*Learn about and strive for healthy relationships. Not every relationship has narcissistic and codependent individuals. Some are complimentary in a healthy way, including mutually respectful and caring behaviors. If the parents you grew up with did not show you a healthy example, you will need to learn about what truly makes for a healthy, happy relationship and marriage. You can learn this information from study. Even though there are many decent resources out there that clarify healthy relationships, here are some resources I would suggest to read or listen to. Even if you grew up with healthy, happy parents with a good marriage, this is still good information to learn more about and brush up on.
*Get outside perspectives. As you try to assess whether these unhealthy traits apply to yourself and/or your dating partner, sometimes one can be too close to the situation to make a clear determination of the problems by themselves. So if this is the case, it can be helpful if you have a trusted friend or family member review and assess the traits or narcissism and codependency in you and your partner. Even give a second opinion. How we see ourselves and others is often tainted with bias and blind spots. Sometimes we don’t want to see and deal with the negative traits and problems that may be there. So, getting some extra data from outside individuals that know you and/or the other person can be helpful.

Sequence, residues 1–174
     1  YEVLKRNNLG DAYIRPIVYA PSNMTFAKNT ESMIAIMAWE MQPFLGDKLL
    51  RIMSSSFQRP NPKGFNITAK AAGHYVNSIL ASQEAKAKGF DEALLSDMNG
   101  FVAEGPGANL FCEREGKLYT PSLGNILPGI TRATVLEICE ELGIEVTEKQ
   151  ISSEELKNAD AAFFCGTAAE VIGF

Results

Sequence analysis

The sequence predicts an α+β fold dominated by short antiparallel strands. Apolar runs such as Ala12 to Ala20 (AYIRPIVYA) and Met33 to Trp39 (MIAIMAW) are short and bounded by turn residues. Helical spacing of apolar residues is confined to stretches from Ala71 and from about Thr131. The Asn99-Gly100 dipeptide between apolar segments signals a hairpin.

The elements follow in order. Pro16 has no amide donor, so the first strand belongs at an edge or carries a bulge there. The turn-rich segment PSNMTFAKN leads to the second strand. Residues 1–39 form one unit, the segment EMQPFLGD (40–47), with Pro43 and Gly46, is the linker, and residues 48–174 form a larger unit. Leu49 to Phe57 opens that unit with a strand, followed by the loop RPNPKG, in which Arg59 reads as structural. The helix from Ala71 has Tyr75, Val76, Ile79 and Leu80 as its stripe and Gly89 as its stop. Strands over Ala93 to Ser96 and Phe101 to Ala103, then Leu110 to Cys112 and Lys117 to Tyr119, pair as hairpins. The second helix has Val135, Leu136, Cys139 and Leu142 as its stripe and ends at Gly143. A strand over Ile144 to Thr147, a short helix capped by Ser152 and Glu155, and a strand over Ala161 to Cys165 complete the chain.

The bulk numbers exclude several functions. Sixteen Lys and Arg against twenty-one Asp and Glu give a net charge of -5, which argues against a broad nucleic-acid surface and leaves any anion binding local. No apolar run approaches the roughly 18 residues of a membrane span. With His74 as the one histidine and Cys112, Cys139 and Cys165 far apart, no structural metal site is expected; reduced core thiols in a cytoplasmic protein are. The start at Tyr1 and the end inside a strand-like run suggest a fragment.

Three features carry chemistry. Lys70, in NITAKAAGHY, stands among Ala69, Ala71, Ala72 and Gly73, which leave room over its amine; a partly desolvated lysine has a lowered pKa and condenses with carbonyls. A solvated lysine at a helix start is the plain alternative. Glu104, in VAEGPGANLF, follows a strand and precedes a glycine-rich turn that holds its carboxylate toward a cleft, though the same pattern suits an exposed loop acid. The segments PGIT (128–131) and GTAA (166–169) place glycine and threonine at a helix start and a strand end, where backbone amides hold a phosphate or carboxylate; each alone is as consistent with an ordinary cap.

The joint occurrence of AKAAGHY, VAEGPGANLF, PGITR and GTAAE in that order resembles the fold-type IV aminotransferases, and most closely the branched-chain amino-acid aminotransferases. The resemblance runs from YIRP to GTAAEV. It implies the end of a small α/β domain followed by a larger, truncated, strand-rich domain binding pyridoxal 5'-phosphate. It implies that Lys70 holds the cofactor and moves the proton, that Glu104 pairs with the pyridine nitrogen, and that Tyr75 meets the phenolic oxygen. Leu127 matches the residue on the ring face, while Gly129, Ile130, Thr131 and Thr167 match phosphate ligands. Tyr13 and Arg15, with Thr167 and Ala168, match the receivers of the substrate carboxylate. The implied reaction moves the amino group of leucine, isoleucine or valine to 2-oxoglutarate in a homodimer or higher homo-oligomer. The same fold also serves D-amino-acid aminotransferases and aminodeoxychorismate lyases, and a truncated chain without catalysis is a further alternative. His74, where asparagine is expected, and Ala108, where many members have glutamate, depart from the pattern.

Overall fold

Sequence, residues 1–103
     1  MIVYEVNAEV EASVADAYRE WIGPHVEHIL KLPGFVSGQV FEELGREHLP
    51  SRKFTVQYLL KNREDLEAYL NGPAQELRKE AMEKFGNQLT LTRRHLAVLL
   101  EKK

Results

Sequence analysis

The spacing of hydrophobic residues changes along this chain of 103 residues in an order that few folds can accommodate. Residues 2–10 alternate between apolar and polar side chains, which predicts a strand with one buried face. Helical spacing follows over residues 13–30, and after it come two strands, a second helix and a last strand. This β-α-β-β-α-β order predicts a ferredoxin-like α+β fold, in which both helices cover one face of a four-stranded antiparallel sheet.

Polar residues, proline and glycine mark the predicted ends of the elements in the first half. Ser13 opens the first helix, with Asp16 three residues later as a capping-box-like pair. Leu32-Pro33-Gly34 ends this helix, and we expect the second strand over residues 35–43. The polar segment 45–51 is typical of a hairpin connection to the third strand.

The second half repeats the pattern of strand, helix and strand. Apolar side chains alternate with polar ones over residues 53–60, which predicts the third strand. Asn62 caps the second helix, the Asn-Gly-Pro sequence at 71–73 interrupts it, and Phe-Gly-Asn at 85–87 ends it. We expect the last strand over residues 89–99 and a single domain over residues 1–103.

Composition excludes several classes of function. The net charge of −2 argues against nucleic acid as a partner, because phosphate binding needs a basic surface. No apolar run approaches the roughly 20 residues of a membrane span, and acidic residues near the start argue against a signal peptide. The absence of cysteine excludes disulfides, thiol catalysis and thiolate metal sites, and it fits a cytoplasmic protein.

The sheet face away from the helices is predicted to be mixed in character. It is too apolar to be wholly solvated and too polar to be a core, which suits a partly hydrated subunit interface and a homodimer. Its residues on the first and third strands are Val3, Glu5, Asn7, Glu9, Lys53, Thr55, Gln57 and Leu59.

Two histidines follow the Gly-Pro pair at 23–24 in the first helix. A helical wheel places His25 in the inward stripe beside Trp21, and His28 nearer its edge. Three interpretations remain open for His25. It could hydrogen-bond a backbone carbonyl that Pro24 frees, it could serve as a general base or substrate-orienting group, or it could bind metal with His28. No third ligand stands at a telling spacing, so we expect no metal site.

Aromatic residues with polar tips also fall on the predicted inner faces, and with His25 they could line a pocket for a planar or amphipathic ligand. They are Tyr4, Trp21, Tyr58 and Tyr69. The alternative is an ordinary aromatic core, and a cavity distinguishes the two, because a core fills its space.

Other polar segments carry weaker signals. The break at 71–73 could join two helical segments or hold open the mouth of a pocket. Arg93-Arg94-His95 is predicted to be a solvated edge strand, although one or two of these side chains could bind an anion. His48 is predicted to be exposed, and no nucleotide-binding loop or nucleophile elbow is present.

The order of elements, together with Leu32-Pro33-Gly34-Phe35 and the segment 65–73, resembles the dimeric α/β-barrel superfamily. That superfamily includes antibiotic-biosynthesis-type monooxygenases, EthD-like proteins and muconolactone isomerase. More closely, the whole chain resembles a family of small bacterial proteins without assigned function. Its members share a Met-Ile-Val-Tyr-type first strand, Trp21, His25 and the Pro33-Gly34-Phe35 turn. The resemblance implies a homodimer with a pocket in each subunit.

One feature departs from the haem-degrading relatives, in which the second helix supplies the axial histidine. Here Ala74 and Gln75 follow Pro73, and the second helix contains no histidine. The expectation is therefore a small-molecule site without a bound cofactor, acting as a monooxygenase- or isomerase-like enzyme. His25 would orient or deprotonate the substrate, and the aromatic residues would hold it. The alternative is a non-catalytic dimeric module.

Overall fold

Most unhealthy dating and marriage relationships include one partner with narcissistic traits and the other with codependent traits. If you study and apply to ideas and suggestions of this article, you can avoid or escape being in such a relationship. And you can work on whatever of these traits may apply to you as well. Because if a relationship is going to be forever, it needs to be based on healthy principles and positive mutual treatment which needs to be learned and applied to succeed. Because “…neither is the man without the woman, neither the woman without the man, in the Lord.”—1 Corinthians 11:11.
P.S. If you have any questions, comments, or a future article request for me, feel free to contact me at firstname.lastname@example.org.
|2022-01-31||Randy Gilchrist||Healthy relationships, Communication|
About the author
Hello, my name is Dr. Randy Gilchrist (aka "Dr. G"). I am a licensed clinical psychologist, a licensed marriage & family therapist, and a certified hypnotherapist in private practice in Roseville, CA (www.dr-rg.com), practicing since 1997. Also, I am happily married in the temple (Manti) since 1996 and have 4 sons. I am a volunteer writer and contributor to LDS Dimension. I use my training, education, and experience to share insights with LDS Dimension on all things of interest to the LDS dating community. Please read my articles and columns on this site to assist you in your online dating journey. Also, to be considered for an answer in a future Q and A column, please email me your dating/relationship oriented questions to email@example.com. Finally, I also offer a powerful, effective worldwide custom hypnosis recording service just for LDS Dimension members for weight loss, pornography, and many other issues of concern to those in the LDS dating community (please learn more now at www.dr-rg.com/lds; email me questions to firstname.lastname@example.org).